Vol 1 Chapter 30: Revamping Heaters and Boilers to Oxyfiring-producing Oxygen by ITM Technology
Rodney Allam, Vince White, VanEric Stein, Colin McDonald, Neil Ivens and Mark Simmonds
Abstract: The work reported in Chapter 30 considered the issues involved in modifying the process heaters and boilers for oxyfuel combustion and locating two world scale air separation plants totalling up to 7400 tonnes/day of oxygen plus a CO2 compression and purification system on a congested site. In addition we presented the scheme for distributing the oxygen around the site and collecting the CO2-rich effluent from the combustion processes for purification, final compression, and delivery into a pipeline for enhanced oil recovery (EOR). In this Chapter, we will look at an alternative oxygen generation technology that would replace the two cryogenic air separation units (ASUs). This technology utilises ion transport membranes (ITMs) to produce the oxygen. The ITM oxygen process is based on ceramic membranes that selectively transport oxygen ions when operated at high temperatures. Under the influence of an oxygen partial pressure driving force, the ITM achieves a high flux, high purity (99þ mol%) separation of oxygen from a compressed-air stream. By integrating the non-permeate stream with a gas turbine system, the overall process co-produces high purity oxygen, power, and steam if desired. The base case, Case 1, is presented and costed and involves the supply of the complete oxyfuel system with installation and startup and includes all required utilities. In order to provide the hot air for the ITM oxygen process, two Siemens V94.2 combined cycle gas turbines are used and excess power is exported to the local electricity grid. Two further cases are also presented. Case 2 also uses two Siemens V94.2 gas turbines plus a heat recovery steam generator (HRSG) producing steam primarily at the refinery condition of 127 barg 518 8C together with some additional supplies at 13.7 barg and some boiler feed water. The steam production from the existing boilers is reduced by a corresponding amount. The turndown of the steam boilers results in a reduction in the oxygen requirement from 6626 to 3828 tonnes/day. Case 3 uses one Siemens V94.3 gas turbine plus a HRSG, but in this case the fuel is hydrogen produced from an oxygen autothermal reformer (ATR) with product steam generation and CO2 removed using an methyl diethanolamine (MDEA) system. The gas turbine waste heat boiler produces steam at the refinery conditions as in Case 2. In this case, the use of hydrogen fuel gas allows operation of the gas turbine combustor at a much lower oxygen inlet concentration compared to Cases 1 and 2 which use natural gas fuel. This feature allows for greater oxygen recovery, which allows the entire oxygen requirement to be met with a single gas turbine, thereby minimising export power and decreasing capital cost. In each of these three cases the total quantity of CO2 emission avoided and the quantity of CO2 available for pipeline delivery is calculated, costed and presented in Table 1.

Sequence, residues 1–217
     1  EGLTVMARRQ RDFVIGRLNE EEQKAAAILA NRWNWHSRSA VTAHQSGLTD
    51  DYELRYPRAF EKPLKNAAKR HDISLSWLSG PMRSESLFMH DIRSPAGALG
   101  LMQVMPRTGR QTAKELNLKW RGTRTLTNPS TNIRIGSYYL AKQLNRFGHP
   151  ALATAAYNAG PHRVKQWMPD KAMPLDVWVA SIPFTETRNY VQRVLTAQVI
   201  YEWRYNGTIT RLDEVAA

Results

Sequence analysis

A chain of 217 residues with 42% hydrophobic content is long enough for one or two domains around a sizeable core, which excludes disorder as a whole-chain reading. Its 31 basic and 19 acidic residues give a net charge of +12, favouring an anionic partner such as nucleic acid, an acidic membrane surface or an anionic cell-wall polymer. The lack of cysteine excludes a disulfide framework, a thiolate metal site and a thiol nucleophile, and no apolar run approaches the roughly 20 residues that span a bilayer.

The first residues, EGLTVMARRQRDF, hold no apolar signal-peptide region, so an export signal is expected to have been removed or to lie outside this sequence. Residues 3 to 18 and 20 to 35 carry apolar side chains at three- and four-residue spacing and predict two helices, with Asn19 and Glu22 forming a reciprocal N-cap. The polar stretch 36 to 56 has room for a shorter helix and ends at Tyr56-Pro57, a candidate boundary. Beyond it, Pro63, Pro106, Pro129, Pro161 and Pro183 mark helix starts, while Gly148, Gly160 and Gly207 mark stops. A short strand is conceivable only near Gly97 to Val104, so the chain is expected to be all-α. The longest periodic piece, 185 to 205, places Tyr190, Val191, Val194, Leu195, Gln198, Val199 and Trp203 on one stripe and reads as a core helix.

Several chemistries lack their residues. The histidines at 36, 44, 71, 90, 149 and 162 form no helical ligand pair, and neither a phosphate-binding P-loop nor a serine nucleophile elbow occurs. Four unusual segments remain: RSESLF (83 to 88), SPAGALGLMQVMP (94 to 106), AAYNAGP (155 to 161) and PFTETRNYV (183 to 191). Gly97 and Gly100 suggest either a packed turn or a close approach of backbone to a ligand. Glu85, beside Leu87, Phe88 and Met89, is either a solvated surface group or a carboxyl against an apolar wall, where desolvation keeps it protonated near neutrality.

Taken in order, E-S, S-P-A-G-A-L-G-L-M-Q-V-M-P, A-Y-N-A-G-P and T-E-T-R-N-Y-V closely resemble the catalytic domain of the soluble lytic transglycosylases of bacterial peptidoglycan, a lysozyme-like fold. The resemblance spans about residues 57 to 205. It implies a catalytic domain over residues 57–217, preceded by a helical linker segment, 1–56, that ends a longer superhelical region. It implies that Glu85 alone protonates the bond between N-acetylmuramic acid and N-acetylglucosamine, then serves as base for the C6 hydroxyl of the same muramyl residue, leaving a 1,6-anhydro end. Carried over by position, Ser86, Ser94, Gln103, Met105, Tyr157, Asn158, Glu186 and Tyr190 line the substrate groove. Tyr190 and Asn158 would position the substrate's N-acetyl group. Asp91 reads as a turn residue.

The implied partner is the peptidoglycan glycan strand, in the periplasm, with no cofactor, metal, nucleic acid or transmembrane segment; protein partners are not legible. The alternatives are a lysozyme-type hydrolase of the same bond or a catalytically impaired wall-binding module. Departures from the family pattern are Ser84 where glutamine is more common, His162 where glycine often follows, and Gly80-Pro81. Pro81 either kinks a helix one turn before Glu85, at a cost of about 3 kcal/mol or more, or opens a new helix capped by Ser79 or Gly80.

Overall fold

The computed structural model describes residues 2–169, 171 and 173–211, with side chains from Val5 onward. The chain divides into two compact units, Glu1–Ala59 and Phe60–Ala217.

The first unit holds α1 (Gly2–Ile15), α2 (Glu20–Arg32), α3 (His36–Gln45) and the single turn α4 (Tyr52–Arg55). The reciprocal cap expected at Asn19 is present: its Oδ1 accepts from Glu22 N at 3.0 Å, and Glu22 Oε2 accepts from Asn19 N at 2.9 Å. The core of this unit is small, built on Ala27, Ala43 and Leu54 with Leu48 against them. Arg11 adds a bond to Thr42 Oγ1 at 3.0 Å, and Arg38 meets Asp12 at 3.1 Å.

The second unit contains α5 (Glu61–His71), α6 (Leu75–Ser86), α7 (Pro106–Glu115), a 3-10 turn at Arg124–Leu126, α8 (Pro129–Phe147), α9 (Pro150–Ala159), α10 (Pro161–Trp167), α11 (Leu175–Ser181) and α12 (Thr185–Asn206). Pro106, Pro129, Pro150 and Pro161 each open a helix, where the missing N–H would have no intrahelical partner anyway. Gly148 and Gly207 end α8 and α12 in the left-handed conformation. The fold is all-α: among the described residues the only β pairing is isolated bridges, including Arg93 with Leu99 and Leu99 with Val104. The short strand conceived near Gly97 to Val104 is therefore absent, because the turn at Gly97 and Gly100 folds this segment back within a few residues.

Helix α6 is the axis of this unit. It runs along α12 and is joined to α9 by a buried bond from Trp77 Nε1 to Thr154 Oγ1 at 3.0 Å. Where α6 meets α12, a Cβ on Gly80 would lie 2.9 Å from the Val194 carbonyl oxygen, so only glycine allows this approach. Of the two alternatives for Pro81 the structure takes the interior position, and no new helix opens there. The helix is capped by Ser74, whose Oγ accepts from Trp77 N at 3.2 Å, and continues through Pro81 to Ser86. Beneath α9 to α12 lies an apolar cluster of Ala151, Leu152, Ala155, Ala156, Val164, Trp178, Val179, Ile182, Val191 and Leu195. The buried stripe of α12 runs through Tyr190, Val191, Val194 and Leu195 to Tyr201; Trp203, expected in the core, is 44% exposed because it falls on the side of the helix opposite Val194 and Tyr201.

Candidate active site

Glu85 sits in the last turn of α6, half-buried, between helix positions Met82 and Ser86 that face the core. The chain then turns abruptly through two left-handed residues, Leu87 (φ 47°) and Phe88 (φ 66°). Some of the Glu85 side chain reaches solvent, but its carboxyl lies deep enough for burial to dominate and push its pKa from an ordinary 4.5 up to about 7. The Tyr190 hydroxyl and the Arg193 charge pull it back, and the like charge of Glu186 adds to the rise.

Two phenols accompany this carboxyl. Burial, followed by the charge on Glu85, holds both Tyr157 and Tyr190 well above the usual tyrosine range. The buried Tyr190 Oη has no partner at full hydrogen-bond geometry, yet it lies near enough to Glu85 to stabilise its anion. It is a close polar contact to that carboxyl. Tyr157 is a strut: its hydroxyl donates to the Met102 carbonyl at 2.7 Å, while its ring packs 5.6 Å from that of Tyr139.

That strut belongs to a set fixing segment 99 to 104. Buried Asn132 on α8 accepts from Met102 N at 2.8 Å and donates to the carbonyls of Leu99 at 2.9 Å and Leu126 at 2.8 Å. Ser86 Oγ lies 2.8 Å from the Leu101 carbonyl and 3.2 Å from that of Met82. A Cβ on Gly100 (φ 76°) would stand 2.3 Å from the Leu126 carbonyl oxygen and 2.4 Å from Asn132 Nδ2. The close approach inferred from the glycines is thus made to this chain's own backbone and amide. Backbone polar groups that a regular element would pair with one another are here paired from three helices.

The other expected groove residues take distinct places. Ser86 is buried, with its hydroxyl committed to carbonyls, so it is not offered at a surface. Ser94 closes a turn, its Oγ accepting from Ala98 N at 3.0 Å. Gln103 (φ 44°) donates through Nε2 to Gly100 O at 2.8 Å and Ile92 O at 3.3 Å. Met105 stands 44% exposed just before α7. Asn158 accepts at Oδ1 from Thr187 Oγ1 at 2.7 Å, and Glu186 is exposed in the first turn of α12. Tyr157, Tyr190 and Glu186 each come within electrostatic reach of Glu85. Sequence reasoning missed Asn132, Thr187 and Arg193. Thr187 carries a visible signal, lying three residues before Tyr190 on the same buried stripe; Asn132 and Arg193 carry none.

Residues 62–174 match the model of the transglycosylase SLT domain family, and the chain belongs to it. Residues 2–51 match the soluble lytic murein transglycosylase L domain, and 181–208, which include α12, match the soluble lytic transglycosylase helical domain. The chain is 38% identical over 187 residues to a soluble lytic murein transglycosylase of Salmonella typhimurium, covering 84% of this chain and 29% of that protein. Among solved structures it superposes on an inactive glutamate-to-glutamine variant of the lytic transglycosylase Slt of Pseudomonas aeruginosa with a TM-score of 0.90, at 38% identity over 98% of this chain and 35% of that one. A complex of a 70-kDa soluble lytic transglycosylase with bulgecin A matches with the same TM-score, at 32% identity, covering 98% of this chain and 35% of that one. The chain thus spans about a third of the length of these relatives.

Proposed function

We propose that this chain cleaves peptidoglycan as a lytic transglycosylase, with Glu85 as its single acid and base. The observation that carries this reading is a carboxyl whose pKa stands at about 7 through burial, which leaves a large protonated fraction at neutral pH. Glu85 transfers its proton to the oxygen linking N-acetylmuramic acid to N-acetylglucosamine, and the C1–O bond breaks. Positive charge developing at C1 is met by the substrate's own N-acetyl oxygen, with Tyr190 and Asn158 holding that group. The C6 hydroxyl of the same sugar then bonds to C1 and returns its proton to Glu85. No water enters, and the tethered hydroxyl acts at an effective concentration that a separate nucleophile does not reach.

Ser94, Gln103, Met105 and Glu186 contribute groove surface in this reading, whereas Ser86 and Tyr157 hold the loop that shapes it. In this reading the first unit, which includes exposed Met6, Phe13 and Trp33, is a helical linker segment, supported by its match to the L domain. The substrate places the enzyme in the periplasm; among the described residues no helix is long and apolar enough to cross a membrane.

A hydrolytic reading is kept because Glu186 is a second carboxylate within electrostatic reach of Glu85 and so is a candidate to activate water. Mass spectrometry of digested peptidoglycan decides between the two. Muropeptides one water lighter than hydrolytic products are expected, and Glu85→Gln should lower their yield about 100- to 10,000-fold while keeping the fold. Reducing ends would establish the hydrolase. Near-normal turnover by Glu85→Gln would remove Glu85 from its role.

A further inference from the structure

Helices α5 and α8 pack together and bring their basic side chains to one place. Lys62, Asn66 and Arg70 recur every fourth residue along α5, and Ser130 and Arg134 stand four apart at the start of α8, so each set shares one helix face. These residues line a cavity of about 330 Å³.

Carbon Dioxide Capture for Storage in Deep Geologic Formations – Results from the CO2 Capture Project Capture and Separation of Carbon Dioxide from Combustion Sources - Volume 1
Edited by: David C. Thomas, Senior Technical Advisor, Advanced Resources International Inc, USA
(571 Kb) Download